Orion and Merlin spent the morning being upset.  Merlin cried and cried, and Orion kept whacking him.  I'm not sure if it was because he wanted Merlin to shut up with the blubbering or if he figured it must somehow be Merlin's fault that the girls were gone. 
Madman was a little surprised at how upset Merlin was, until I pointed out that it's the first time in his life he's been separated from Onyx.  They grew up as lambs together, and even Goldie has been around ever since he could remember.
Poor little guy.

After everyone got settled, I tried to get some photos, but mostly I got shots of sheep with their heads buried in the grass.

Here's a couple of pictures of Smoke.  I still think he's the prettiest thing.

And here's how the spotty ewe is looking these days.  (Madman has taken to calling her Abigail, but the name doesn't really resonate for me.  I still usually refer to her as 'the spotty one.')

And here's the ewe I've been calling Tiny, since she was the smallest of the lambs, even though she has now caught up with her sister.  And yes, she does have her head through the fence so she can eat the grass growing on the outside.

Cuz, you know, the grass is always greener...

Monday, July 2, 2012

I love my sheep I love my sheep I love my sheep...

Hobbling, at the moment. 
I'd gone into the sheep pen to give them their nightly grain ration, since what with all the extra security we've had to install fencing-wise, I can no longer reach through from the outside to fill the 4 separate food dishes that are necessary to spread the sheep out enough to prevent mayhem.  Of course, since I was walking through with a full scoop of grain, you can imagine all the excitement.  Sheep were milling around me, dancing with joy.  The usual.
Until our lovely ram, Orion, who was swinging his head around in sheer joie de vivre,  ("Woohoo!  There's going to be grain!!") caught me a mighty crack with his horn right on the side of my knee.
I dropped like a stone.
Holding a scoop of grain.
In the middle of a crowd of eight sheep.
Eight sheep who live for the eating of grain.
Eight sheep who will cheerfully butt their own mothers or their own children out of the way in order to get more grain.
There I was, surrounded by eight sheep of various sizes, on my butt in a mixture of equal parts dirt and sheep poop,  holding a scoop of grain over my head, trying not to cry since my knee hurt so bad, and cursing a blue streak.  (I actually saw the blue streak.  It was the most amazing shade of cobalt with little flecks of electric blue dazzling through it...)
I literally couldn't get back to my feet.  a) It hurt really bad, and b) there were too many sheep focusing on the grain in my clutches to give me room to move.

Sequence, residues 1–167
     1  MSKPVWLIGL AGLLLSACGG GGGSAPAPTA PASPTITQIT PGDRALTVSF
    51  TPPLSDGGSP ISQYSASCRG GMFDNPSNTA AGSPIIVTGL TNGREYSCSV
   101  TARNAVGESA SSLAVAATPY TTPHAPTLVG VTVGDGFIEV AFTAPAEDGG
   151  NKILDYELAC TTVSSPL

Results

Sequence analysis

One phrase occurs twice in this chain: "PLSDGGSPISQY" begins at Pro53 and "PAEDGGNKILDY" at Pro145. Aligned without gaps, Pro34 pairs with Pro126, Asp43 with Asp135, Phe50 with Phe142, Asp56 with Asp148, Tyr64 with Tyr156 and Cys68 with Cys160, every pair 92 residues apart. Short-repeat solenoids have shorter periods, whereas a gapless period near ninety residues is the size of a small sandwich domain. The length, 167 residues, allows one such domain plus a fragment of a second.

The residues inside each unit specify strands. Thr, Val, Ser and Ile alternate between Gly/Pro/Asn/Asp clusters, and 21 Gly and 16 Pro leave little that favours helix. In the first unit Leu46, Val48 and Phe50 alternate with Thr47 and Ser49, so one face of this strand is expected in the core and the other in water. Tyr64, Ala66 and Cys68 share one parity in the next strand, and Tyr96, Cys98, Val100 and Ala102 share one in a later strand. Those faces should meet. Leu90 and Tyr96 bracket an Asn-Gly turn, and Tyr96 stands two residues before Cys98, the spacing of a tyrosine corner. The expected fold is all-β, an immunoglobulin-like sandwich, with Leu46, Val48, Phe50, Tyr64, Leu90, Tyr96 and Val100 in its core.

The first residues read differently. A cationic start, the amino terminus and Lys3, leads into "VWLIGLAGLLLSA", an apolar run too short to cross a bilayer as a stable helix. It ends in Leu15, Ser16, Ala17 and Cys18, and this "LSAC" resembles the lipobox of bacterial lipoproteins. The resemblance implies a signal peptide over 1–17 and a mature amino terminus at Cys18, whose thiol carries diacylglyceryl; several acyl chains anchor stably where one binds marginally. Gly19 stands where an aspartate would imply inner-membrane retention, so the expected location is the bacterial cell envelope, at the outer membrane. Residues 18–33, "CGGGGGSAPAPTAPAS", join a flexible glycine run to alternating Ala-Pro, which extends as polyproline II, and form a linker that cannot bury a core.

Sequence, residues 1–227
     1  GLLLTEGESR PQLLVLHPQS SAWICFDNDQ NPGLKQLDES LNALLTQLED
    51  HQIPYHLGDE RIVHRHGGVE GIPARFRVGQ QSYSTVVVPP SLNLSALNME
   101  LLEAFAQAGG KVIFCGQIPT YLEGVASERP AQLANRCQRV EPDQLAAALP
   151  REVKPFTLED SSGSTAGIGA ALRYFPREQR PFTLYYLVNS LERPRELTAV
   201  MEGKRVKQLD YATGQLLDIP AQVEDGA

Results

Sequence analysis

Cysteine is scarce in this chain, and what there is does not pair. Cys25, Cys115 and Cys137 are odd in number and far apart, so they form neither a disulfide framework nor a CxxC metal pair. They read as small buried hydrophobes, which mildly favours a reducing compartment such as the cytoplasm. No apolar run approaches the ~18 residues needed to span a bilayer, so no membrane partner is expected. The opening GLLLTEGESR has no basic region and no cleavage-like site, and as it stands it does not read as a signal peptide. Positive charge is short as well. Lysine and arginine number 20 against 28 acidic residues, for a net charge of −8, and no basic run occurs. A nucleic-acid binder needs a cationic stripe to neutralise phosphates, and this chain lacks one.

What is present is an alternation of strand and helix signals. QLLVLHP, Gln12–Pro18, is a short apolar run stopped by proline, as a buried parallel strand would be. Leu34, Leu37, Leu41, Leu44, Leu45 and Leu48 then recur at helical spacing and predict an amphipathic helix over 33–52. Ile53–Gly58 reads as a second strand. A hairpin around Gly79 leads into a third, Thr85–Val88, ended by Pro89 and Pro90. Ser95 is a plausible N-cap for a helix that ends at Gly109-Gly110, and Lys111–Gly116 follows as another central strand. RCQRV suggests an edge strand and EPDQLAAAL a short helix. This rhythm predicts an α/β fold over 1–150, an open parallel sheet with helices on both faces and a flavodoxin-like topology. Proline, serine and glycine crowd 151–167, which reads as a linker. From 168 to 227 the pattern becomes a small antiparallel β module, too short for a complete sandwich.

Luckily my cell phone was in my pocket.  And Madman is on speed-dial.  He sounded a little puzzled when he answered his phone - like, why would I possibly be calling when he was right there in the house and I was only out in the yard doing chores - but he came bustling out quick when I'd explained the "I've fallen and I can't get up (with sheep)" situation.
A little ice, and I expect I'll be good as new.  But, damn, that hurt.

Next time we discuss getting animals, I'm voting for guinea pigs.  At least they can't knock me down.

Sunday, July 1, 2012

Another fail...

I had big plans for today.  I was going to take pictures of lambs and write a lovely post describing their latest shenanigans.  (At least they're finally confined to their pen, and our garden is starting to grow.  We actually got enough lettuce for a salad the other night, without having to share it with sheep.  (They're actually not very good about sharing...))
Unfortunately, today was chicken butchering day, and doesn't the time just fly when you're having fun?

By the time we'd finished with the chickens, and with the people who came to pick up their chickens, and done the thousand other things that need doing on the rare occasion we actually get a day off together, I was too pooped to pic.

So, for lack of anything else to show and tell - here's a picture I took at NH S&W that I forgot to share.

 Yes, she's converted her exercise bike to power her spinning wheel.  (I can only think of the times I've gotten all excited about seeing a spinning class advertised in the paper, only to discover that it's actually just a class for riding exercise bikes.  Like that needs to be a class...)